Trombonist Ron Westray, Oscar Peterson Chair in Jazz Performance in York University’s Department of Music, returns to Toronto’s Massey Hall on Thursday, Feb. 23 for an innovative youth outreach program.
He will lead “Rhythm Counts”, an invitational workshop for young people, just before his former bandmates, the Jazz at Lincoln Center Orchestra led by Wynton Marsalis, take centre stage to perform the highly-anticipated Wynton at 50! concert.
Called Share the Music, the arts and education outreach program presented by the Corporation of Massey Hall and Roy Thomson Hall provides complimentary tickets for selected concerts to youth who might otherwise be unable to attend. The program, now in its 13th season, aims to enhance and broaden students’ musical horizons by exposing them to world-class performers and related pre-concert demo-workshops by noted local performers/educators.
Westray has invited York music grad and multiple Juno Award-winning jazz saxophonist Mike Murley to co-host the 30-minute workshop, to be held in Massey Hall’s intimate Century Lounge. The session is designed to demonstrate the language of jazz and the art of improvisation, to prepare the students for the mainstage performance. Together, Westray and Murley will present an informal mix of commentary, musical demonstrations and historical highlights, followed by a Q&A. Tickets for the workshop and concert have been distributed to more than 150 music students, ranging in age from 12 to 17, at selected schools and community groups in the Greater Toronto Area.
“I was thrilled to be invited to take part in Share the Music and connect with these young people,” said Westray. “I come from the performance world, and it’s always a pleasure to have the opportunity to play, plus the chance to talk about the music with a fresh audience.”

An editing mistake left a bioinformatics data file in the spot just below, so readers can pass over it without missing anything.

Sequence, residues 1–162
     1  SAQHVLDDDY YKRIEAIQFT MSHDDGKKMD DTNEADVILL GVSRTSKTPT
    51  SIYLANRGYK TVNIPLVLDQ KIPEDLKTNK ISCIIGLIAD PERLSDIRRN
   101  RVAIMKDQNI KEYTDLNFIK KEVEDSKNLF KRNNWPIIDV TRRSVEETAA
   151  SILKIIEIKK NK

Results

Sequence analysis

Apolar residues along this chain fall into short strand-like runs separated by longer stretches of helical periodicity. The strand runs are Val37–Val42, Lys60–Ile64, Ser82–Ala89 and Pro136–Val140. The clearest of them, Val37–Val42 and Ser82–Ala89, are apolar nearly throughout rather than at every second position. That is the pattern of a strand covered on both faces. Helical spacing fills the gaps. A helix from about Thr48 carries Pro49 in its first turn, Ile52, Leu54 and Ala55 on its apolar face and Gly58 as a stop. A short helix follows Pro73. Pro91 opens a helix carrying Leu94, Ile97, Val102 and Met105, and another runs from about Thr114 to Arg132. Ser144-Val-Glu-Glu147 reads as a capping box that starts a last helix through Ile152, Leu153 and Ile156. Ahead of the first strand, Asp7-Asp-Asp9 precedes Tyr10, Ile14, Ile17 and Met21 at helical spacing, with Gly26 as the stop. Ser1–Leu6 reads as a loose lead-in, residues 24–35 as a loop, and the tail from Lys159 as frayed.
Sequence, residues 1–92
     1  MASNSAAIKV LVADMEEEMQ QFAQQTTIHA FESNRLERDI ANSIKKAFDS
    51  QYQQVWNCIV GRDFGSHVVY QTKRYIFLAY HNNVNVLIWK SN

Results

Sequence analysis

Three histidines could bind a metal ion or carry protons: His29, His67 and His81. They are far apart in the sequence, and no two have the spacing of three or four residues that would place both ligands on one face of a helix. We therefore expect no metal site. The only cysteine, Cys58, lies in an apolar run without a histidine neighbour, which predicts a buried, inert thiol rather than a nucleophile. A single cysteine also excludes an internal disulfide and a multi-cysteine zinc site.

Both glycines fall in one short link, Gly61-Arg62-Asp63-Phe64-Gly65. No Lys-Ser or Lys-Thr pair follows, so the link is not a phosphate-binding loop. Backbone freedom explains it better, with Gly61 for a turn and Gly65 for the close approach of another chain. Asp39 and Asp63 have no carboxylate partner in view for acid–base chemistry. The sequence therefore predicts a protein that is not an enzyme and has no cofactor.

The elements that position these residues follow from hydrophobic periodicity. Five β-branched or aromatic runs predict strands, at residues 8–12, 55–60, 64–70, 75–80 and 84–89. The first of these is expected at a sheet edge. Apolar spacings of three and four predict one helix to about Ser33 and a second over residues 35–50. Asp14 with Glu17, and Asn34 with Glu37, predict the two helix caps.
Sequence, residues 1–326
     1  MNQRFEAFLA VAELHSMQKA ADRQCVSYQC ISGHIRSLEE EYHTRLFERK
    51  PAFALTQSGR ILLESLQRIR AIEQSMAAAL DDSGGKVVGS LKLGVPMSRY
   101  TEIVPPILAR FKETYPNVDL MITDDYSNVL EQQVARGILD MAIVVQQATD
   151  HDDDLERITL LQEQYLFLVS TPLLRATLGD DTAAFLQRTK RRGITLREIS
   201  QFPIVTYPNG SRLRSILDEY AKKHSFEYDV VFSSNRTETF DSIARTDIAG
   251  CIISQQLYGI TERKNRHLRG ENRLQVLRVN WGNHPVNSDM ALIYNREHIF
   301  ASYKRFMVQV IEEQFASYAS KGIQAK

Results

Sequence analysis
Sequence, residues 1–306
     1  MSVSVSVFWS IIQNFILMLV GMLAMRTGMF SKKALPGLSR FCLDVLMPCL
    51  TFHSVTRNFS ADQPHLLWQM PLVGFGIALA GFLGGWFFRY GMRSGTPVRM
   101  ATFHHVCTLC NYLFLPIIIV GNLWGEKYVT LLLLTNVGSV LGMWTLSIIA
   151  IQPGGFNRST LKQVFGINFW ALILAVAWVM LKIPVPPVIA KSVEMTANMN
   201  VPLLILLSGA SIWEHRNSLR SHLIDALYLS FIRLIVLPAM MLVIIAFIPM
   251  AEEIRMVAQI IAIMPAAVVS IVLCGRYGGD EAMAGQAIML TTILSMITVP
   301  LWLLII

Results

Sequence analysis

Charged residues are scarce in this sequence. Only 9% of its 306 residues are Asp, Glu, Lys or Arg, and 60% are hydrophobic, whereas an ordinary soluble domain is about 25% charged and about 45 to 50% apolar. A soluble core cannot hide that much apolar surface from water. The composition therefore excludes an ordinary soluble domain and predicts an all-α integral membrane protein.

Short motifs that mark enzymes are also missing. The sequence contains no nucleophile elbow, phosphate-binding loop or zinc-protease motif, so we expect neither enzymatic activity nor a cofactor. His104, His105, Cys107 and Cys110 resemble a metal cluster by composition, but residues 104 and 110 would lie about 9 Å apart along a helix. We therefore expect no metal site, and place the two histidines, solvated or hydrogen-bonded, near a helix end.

“We’re delighted to have Professor Westray on board for this event,” said program coordinator Laraine Herzog. “He’s a perfect fit, seeing as he was lead trombonist with the Jazz at Lincoln Center Orchestra for so many years. His reputation as an incredible performer and educator precedes him – not to mention his connection with Oscar Peterson, a true Canadian musical hero, through his position at York University.”
Prior to joining York, Westray toured internationally with the Jazz at Lincoln Center Orchestra for more than a decade, including a number of performances at Massey Hall.
“Wynton [Marsalis] deserves every honour for his immense accomplishments in building the JLCO, its reputation as one of the finest jazz ensembles in the world, and its remarkable touring reach,” said Westray. “I was in the audience when they played Massey Hall last year, and it was like seeing my family from the other side of the fourth wall. I’m looking forward to seeing these guys play once again, and to helping a new young audience develop a deeper connection to a band and a musical repertoire I feel so strongly about.”
As well as a performer, Westray is an accomplished composer and recording artist. His commissions for the Lincoln Center Jazz Orchestra include the monumental score Chivalrous Misdemeanors – Select Tales from Don Quixote (2005) and arrangements of the works of Charles Mingus and Ornette Coleman. He is well known for his collaborations with Wycliffe Gordon, and has also appeared in concert with such luminaries as Ray Charles, Bob Dylan, Willie Nelson, Stevie Wonder, Benny Carter, Dewey Redman, Roy Haynes, Randy Brecker and a host of other pre-eminent artists. A regular on the New York City club circuit, he has played premier jazz venues such as the Village Vanguard, Blue Note, Sweet Basil’s, Iridium, Jazz Standard and Smalls, and is a standing member of the Mingus Band. In 2009, he joined York’s music department, where he teaches in the jazz program and co-directs the York University Jazz Orchestra.
Next month, Westray is participating as soloist and clinician at the prestigious Savannah Music Festival. On March 25, he appears as guest soloist with the York University Wind Symphony, performing Rimsky-Korsakov’s Trombone Concerto under the baton of York music Professor William Thomas.